Teleostei (teleosts) > Salmoniformes
(Salmons) > Salmonidae
(Salmonids) > Coregoninae
Etymology: Stenodus: Greek, stenos = narrow + Greek, odous = teeth (Ref. 45335); leucichthys: leucichthys meaning white fish (Ref. 1998).
Stenodus nelma (Pallas, 1773) is a valid species according to Kottelat and Freyhof (2007: Ref. 82592). The corresponding species summary page will be created in the future.
Environment: milieu / climate zone / depth range / distribution range
Marine; freshwater; brackish; demersal; anadromous (Ref. 51243); depth range 10 - ? m (Ref. 4779). Boreal; 73°N - 58°N, 36°E - 111°W
North America: Arctic drainages from Anderson River in Northwest Territories, Canada to Kuskokwim River (Bering Sea tributary) in Alaska. Upstream in Mackenzie River and Yukon River drainages to British Columbia, Canada (Ref. 5723). Eurasia: Caspian Sea (common in central and southern Caspian in summer), Volga, Ural and Terak drainages (Ref. 59043). Hybridization with Coregonus nelsoni, Coregonus autumnalis and Coregonus muksun are due more to the broadcasting of eggs and sperm rather than pairing between species or genera (Ref. 27547).
Length at first maturity / Size / Weight / Age
Maturity: Lm 72.5, range 70 - 75 cm
Max length : 150 cm TL male/unsexed; (Ref. 4574); common length : 61.0 cm TL male/unsexed; (Ref. 12193); max. published weight: 40.0 kg (Ref. 10318); max. reported age: 22 years (Ref. 4576)
soft rays: 14 - 19;
Vertebrae: 63 - 69. Distinguished by its large mouth, the protruding lower jaw, and the presence of only 13 to 17 gill rakers on the lower limb of the first gill arch (Ref. 27547). Dorsal fin high and pointed; pelvic fins with well developed axillary process (Ref. 27547). Generally silvery, with the back usually rather green, blue or pale brown; silvery white below; dorsal and caudal fins have dusky margins, other fins pale (Ref. 27547).
Nerito-pelagic (Ref. 58426). Occurs in coastal brackish waters near mouths of rivers, but usually in rivers or some land-locked lakes (Ref. 4779). At the sea, it is found throughout basin in pelagic zone with temperatures below 18° C and 20-50 m deep (Ref. 59043). Juveniles and adult overwinter and forage at the sea. Encountered in large lowland rivers during migration (Ref. 59043). Adults feed mostly on small fishes; young eat aquatic insect larvae and planktonic crustaceans (Ref. 4779). During spawning migration, it feeds little if at all (Ref. 27547). Spawns on gravel shallows (Ref. 59043). Flesh is white, sweet and slightly oily (Ref. 27547). Sold fresh or frozen.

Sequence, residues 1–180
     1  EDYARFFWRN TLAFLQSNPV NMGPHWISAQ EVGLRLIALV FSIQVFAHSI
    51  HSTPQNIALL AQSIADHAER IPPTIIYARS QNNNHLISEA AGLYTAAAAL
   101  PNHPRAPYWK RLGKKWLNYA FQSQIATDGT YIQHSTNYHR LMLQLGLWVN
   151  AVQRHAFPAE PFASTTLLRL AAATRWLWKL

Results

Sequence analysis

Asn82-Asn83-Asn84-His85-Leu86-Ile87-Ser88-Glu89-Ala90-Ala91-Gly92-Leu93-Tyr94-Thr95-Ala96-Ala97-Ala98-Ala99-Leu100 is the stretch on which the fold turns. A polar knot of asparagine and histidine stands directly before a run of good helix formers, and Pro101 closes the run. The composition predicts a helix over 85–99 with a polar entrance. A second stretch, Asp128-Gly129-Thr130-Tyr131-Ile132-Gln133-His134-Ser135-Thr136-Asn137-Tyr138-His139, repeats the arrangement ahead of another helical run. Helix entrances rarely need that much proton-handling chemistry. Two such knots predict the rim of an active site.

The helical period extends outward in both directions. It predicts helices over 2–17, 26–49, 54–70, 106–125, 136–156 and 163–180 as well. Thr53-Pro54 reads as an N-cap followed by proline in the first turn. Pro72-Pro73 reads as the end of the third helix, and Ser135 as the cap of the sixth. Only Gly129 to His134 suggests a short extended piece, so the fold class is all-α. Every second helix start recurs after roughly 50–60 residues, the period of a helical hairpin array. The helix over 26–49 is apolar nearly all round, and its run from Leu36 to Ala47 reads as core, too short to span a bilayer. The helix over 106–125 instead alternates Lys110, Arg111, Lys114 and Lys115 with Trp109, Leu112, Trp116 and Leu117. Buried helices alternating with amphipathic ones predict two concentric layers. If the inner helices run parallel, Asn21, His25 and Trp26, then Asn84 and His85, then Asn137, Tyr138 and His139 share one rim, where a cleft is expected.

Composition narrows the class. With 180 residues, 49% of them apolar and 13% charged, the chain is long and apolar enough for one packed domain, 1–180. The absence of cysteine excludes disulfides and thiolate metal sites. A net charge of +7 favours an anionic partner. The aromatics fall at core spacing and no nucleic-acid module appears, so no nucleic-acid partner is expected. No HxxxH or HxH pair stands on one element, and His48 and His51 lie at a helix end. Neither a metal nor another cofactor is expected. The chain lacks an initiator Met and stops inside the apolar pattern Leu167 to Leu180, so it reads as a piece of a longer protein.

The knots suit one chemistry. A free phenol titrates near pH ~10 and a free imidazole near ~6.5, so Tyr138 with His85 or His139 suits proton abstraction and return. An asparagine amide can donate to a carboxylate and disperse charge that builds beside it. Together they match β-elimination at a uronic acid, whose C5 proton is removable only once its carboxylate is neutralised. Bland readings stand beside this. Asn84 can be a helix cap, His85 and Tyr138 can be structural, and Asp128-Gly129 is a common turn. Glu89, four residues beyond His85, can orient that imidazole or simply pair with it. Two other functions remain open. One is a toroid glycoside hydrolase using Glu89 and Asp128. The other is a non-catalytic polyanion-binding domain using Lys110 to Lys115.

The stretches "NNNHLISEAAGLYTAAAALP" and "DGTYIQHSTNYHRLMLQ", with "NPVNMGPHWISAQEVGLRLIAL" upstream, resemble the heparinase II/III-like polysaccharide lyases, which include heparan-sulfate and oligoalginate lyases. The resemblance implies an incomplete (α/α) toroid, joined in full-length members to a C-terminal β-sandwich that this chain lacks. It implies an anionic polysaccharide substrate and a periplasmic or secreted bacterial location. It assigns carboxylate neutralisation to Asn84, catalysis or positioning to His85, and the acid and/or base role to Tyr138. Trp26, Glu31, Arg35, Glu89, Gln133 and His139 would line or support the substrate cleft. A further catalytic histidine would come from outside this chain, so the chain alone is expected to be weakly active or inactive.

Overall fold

Upstream migration from wintering areas begins at ice break-up. Early upstream movement may be associated with feeding, but movement soon becomes a definite migration to the spawning area. Spawning begins at dusk, and continuing well into the night. A female accompanied by a male, swims to the surface near the upstream end of the spawning ground. She rapidly moves across the current, extruding her eggs. The male, stays below the female so that as the eggs sink, sperm released, fertilizes the eggs. After completing a spawning pass, the female drifts downstream. She may repeat the spawning act over the downstream portion of the spawning area or may move upstream to the head of the grounds before releasing more eggs. Following spawning, there is a fairly rapid downstream migration to wintering grounds (Ref. 27547). It is not certain if spawning occurs annually or at longer intervals (Ref. 27547). Russian fish appear to spawn only every third or fourth year (Ref. 28219). Spawning frequency at Selawik, Alaska may be every other year (Ref. 27547).
Svetovidov, A.N., 1984. Salmonidae. p. 373-385. In P.J.P. Whitehead, M.-L. Bauchot, J.-C. Hureau, J. Nielsen and E. Tortonese (eds.) Fishes of the north-eastern Atlantic and the Mediterranean. UNESCO, Paris. vol. 1. (Ref. 4779)
IUCN Red List Status (Ref. 126983)
Threat to humans
Fisheries: minor commercial; aquaculture: commercial; gamefish: yes